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dection 5Storage Devices.docx

Tape drives can also be rotated for example you can

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Tape drives can also be rotated. For example, you can put a cassette in your tape drive and make a full backup on Saturday night, then remove it and put in a new tape in order to run incremental backups on Sunday night, Monday night, Tuesday night, Wednesday night, Thursday night, and Friday night. When you're done, you have a good archive of tapes, so if you want to keep a historical archive of tapes you could rotate your tapes through this backup process. You could have four different sets of tapes. One set for week one of the month, one set for week two, one set for week three, and one set for week four. This way you keep a one month historical archive of all the data that's been on your system, you can just rotate them through. When you start the first week of the next month, you can write over the information on the first week's tape set and repeat that each week, and you can follow that rotation month after month throughout the year. Another advantage to tape drives is that they can be stored in an archive long term. This means that I can make a backup and keep that backup tape in an archive for years and still retrieve the data off of it. Now, tape drives do have some disadvantages. The key disadvantage is speed. Tape drives are notoriously slow. It takes a long time to read and write information to the tape because tape drives do not use random access. DVDs, hard disk drives, and flash drives use random access, which that you position the heads in the hard disk drive over any sector and retrieve the information you want almost immediately. It only takes a few milliseconds to move the head to the right location and then read information from that location on disk. That's called random access. But tape drives are linear in nature. This means that if there's a file on a tape that you need to restore and that file is located three quarters of the way through the tape, you have to fast forward through the tape until you can reach the right location. Another drawback of tape drives is their durability. Tape drives are mechanical devices. As the magnetic tape inside the cartridge rubs across the top of the read write head over and over it will eventually wear out. Gears and motors also tend to wear out over time. Summary 11:06-11:36 At this point, you might be asking, "Which type of long term storage is best?" My answer is it depends on what you wanna do. If you want quick access to your data and need to store large amounts of data, then you should probably look at a hard disk drive or a solid state drive. If you need information to be portable, so you can move it from one system to another, then you should look at a flash drive,or a rewritable optical drive. If you want to preserve data by backing it up, so you can access it at a later time, then you should consider using a tape drive.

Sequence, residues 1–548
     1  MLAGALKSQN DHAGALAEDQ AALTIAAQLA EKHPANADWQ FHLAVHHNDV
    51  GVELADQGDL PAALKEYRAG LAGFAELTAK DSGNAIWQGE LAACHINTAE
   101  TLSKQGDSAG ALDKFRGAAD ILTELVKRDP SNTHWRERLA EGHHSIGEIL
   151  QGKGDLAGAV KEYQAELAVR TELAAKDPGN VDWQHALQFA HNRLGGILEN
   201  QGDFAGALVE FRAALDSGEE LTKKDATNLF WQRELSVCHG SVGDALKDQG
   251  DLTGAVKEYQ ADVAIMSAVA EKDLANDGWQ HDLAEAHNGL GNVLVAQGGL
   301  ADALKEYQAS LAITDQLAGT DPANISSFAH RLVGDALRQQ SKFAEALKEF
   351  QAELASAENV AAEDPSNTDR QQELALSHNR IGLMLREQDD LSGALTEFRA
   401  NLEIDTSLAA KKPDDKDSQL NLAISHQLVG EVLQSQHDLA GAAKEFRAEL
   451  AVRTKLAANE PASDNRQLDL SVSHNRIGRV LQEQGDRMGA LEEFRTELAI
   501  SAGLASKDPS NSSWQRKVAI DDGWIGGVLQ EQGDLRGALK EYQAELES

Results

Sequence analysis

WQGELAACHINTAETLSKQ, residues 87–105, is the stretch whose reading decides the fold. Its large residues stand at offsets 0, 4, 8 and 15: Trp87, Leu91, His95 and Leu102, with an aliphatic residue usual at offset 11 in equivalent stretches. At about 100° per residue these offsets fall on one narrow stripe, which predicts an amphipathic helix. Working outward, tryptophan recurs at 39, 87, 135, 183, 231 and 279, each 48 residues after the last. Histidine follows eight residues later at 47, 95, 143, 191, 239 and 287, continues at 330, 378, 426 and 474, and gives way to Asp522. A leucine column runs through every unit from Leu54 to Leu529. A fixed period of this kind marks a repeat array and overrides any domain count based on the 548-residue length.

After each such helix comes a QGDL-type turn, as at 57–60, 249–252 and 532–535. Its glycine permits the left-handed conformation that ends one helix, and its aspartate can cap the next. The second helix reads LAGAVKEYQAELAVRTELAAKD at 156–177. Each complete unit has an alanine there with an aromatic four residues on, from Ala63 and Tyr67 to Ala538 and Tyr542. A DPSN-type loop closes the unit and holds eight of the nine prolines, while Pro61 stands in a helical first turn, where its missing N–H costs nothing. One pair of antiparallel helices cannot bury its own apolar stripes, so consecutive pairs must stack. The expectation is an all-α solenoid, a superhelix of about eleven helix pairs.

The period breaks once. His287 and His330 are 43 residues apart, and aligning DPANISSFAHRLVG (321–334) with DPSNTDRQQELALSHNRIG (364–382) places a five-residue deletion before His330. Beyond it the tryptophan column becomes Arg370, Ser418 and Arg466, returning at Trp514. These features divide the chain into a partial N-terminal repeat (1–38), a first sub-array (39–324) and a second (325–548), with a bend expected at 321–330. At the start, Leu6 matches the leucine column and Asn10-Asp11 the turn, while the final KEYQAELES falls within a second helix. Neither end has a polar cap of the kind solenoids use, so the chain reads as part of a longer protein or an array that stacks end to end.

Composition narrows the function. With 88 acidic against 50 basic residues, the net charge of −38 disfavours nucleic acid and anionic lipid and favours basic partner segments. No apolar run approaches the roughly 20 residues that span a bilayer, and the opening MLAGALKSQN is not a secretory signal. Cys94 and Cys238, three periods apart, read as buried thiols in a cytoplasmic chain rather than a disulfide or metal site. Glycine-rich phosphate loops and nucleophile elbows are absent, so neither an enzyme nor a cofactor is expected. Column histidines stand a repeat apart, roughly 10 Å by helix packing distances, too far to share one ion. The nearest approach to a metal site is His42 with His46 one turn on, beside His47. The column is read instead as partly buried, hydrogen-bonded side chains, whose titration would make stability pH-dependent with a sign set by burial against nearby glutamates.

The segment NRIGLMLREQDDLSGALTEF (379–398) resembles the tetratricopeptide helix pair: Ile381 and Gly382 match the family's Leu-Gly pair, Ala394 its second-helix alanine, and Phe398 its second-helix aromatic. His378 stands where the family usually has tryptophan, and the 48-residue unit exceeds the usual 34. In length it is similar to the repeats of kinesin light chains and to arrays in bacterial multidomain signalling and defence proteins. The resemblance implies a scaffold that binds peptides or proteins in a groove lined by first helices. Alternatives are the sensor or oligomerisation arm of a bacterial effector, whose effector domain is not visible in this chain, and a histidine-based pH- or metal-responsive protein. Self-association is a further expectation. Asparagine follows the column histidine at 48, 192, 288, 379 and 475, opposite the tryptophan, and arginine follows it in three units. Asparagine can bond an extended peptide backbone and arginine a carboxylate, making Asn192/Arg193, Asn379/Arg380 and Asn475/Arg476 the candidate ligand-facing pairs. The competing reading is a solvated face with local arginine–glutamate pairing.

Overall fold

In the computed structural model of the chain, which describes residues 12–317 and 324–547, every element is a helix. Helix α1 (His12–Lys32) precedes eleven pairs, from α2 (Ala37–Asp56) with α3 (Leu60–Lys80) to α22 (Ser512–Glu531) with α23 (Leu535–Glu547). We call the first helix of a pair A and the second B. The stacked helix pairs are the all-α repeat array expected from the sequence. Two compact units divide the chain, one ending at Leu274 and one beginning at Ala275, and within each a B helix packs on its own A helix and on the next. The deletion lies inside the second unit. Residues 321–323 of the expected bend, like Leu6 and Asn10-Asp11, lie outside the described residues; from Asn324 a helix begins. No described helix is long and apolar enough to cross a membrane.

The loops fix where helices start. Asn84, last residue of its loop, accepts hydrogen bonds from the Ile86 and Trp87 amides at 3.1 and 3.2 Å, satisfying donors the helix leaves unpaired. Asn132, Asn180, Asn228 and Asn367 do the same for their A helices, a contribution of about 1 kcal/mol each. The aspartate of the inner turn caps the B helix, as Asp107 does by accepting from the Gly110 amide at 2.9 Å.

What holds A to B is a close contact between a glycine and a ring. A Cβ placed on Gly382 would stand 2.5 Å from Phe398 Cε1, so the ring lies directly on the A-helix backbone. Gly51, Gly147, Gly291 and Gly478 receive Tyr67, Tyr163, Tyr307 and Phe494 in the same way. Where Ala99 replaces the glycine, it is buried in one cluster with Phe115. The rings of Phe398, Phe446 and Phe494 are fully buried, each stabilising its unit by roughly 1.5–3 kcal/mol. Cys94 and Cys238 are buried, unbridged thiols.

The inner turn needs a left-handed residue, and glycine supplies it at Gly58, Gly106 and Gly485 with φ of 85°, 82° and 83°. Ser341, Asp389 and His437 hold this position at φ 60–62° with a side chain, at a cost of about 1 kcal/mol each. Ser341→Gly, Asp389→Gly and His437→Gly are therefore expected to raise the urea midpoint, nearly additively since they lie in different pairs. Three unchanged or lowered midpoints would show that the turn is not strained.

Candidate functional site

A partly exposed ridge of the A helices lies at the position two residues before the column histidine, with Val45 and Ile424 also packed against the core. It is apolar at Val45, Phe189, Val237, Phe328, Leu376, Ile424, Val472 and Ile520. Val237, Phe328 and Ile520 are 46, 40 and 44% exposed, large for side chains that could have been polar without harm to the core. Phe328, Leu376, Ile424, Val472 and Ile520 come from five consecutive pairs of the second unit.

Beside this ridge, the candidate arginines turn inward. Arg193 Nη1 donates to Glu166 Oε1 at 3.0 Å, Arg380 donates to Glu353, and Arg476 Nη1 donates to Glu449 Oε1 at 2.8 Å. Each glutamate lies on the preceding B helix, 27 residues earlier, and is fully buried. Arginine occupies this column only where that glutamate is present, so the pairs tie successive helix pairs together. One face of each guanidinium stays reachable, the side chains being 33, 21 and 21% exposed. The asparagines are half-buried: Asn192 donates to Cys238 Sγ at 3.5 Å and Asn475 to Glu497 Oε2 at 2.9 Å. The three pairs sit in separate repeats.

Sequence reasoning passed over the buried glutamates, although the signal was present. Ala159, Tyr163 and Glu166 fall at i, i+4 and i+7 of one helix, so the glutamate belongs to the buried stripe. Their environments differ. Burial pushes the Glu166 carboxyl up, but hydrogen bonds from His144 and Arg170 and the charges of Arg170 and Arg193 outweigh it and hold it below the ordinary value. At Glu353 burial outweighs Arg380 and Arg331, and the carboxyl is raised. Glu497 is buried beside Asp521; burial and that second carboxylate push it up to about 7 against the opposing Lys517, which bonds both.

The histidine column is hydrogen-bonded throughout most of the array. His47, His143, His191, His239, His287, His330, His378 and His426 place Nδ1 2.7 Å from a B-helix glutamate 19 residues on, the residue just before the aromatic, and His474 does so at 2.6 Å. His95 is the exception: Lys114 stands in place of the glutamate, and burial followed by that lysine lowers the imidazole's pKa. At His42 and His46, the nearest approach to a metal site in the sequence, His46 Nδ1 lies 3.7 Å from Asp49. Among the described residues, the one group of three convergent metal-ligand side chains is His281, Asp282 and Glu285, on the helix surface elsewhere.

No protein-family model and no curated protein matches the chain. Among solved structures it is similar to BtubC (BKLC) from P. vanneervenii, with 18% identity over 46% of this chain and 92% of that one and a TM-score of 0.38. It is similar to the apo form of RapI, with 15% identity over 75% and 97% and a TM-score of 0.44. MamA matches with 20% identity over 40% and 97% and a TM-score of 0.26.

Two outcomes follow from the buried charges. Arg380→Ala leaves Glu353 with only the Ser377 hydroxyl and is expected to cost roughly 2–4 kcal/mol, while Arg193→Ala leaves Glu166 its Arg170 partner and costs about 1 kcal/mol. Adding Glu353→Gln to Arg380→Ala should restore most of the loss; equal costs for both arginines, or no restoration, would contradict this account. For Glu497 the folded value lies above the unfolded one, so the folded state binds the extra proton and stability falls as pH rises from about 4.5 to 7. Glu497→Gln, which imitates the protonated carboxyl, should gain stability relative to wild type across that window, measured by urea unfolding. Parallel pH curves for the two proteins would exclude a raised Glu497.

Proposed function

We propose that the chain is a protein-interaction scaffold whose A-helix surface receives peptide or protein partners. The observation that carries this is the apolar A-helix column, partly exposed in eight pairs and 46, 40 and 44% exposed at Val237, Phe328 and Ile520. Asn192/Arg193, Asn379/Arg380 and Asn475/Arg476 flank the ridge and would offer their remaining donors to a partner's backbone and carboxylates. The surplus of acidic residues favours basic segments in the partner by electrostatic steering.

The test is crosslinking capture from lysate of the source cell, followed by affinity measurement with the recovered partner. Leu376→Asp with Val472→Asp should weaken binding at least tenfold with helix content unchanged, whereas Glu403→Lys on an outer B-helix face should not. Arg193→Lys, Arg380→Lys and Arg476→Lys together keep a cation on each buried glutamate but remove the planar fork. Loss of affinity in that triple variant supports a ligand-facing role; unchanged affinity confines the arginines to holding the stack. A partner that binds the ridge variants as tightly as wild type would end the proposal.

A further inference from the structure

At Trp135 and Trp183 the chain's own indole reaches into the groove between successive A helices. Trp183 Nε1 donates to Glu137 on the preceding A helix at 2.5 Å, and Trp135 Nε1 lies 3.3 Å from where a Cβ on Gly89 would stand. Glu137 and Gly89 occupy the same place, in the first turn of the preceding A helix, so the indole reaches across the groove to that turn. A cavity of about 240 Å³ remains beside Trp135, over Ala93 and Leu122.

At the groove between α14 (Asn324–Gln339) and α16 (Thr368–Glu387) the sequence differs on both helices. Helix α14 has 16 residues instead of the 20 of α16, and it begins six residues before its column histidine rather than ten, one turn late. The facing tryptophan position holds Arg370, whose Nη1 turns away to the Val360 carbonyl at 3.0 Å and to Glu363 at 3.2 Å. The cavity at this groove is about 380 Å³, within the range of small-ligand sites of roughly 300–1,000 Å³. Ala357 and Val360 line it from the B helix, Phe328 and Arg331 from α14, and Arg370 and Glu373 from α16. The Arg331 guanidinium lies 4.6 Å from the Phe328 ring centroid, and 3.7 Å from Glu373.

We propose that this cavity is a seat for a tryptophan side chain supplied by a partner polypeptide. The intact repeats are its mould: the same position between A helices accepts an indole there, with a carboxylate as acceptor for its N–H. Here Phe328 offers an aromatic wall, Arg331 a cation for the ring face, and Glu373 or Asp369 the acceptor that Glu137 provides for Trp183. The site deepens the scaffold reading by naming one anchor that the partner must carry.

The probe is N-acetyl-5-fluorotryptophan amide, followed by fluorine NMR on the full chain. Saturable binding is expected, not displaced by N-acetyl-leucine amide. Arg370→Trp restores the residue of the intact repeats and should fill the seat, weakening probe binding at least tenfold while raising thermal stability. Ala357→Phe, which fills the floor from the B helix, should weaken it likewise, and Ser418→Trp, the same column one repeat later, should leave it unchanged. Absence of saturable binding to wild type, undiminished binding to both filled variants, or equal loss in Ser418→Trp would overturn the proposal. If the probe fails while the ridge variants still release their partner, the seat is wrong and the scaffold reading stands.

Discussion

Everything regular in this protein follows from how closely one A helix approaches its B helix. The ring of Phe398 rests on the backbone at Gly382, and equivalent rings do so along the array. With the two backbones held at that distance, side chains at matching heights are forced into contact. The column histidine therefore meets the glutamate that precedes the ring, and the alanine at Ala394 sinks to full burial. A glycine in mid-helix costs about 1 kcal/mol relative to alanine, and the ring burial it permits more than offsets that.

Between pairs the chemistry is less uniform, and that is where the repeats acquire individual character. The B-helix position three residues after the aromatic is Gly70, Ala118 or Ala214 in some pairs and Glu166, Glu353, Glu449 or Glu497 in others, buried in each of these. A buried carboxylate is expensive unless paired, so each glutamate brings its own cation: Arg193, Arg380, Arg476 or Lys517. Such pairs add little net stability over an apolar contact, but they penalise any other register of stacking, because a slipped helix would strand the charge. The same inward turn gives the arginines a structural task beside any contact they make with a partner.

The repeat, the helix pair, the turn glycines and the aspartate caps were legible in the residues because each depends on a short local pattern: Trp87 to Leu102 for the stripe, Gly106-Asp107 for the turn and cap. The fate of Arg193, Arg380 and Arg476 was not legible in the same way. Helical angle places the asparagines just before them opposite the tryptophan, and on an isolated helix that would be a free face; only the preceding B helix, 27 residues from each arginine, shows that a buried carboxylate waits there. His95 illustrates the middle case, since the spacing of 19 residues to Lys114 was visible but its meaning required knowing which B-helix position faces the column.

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  • Spring '14
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